The advantage of the PDEK technique is that this part can be taken even from a very young cornea, and “gives amazing vision to a 60-year-old man,” she says. Not only that, the rigmarole of removing the sutures, etc, is eliminated “and the patient is able to read very quickly. This technique, which Dr Agarwal pioneered three years ago, changes the entire scenario.”
Dr Amar Agarwal is known for a spate of innovations, and “as we talk he is operating on a patient whose cornea is the size of 6 mm — ours is 11 to 12 mm — or what is called micro cornea, where there is non-development of the iris, the retina, etc. Many doctors had given up on this patient. He has done the other eye where the cornea was also 6 mm, and the patient is so happy with the sight he has got, that he wanted the other eye done too,” says Dr Soundari.
Dr Agarwal agrees that many patients given up by others, end up at the main hospital, which is more a referral centre, where many patients come as a last resort. But he is quick to point out that all the ideas are not his; he only encourages them. He recalls that in 2009, when the parents of an agonised four-month-old boy came to the hospital, the doctors were shocked to see that a good portion of the child’s eye was protruding so badly, that he couldn’t close his eye. The surface of the cornea was rough and the child was in immense pain, couldn’t sleep and cried through the night. Only the previous year, he had innovated what is called glued IOL (intraocular lens), for a cataract surgery (See box).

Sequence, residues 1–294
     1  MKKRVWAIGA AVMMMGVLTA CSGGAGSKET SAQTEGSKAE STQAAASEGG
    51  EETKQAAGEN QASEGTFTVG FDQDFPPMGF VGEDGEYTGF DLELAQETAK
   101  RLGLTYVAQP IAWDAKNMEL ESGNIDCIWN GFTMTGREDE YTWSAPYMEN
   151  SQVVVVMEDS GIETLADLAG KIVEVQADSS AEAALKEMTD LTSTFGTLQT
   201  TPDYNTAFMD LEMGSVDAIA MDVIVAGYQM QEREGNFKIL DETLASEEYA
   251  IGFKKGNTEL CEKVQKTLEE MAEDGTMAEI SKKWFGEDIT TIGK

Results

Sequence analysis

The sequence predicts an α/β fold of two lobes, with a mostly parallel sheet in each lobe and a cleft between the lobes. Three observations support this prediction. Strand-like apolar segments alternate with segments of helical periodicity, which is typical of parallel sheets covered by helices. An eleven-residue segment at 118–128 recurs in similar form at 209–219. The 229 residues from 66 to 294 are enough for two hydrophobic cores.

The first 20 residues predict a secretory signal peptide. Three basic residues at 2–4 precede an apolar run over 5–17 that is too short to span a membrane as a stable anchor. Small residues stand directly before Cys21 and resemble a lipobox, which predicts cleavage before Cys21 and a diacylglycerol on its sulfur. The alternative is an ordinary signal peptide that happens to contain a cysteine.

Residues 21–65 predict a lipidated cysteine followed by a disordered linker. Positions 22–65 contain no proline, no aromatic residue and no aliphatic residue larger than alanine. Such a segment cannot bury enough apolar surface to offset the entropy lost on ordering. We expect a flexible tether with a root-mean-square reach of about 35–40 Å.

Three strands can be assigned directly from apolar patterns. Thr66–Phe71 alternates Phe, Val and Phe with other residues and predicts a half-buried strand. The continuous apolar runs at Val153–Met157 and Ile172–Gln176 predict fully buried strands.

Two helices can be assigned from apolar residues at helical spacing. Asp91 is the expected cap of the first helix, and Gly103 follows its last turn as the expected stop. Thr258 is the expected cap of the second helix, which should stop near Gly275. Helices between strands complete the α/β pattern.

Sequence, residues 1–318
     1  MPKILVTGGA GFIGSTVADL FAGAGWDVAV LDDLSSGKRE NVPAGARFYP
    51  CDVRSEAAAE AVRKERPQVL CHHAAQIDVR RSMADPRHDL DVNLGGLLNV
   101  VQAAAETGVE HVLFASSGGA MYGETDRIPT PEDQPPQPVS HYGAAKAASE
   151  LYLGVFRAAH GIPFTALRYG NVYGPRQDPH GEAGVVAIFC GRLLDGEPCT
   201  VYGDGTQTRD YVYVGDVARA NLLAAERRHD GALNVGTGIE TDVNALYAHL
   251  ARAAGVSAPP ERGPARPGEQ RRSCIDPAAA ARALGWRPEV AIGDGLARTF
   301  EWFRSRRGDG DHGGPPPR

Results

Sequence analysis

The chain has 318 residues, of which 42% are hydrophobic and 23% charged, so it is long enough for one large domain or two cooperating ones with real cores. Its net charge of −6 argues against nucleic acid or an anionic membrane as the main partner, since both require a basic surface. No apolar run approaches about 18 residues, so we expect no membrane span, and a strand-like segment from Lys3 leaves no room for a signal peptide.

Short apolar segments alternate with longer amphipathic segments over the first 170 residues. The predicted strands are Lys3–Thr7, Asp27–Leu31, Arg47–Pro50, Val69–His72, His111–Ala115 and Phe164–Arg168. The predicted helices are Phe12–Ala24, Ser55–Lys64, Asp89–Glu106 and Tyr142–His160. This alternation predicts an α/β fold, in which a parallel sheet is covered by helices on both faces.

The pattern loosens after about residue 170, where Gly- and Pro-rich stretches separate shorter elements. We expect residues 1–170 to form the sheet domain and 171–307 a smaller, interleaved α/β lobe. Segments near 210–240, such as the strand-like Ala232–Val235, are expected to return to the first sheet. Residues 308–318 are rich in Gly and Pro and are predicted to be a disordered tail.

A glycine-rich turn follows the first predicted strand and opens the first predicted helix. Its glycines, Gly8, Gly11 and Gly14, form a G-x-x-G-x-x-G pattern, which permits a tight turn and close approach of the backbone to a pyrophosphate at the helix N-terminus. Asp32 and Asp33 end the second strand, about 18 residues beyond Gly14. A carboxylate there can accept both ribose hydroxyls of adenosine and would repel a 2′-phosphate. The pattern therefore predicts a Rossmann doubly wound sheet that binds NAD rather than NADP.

Dr Agarwal explains that a normal eye transplant could not be done, because a large part of the eye was bulging, the deformity being caused by malnutrition or Vitamin A deficiency. The child’s parents were coolies from Vellore in Tamil Nadu. When he showed pictures of the original eye, they were so grotesque that you had to look away. When they were brainstorming on how to help the child, Senior Consultant Dr Soosan Jacob suggested why not he improve on the glued IOL procedure he had innovated the previous year. A new idea was born and successfully implemented.
It wasn’t easy — a four-member team of surgeons performed the surgery which lasted four hours and they restored the child’s eyesight with a modification of the glued lens technology. From the donor eye, the sclera and cornea were carved out, and using this as a bio prosthetic graft, a special lens with an artificially built diaphragm was glued to the sclera; the front portion of the eye was put in place, using tissue glue made from blood products and hence was a bio-glue, and the eye was closed.
Not only did the child’s look improve dramatically, the mother said, “for the first time in four months he has slept in the night. Earlier, he was screaming with pain all the time.”
Vision after 28 years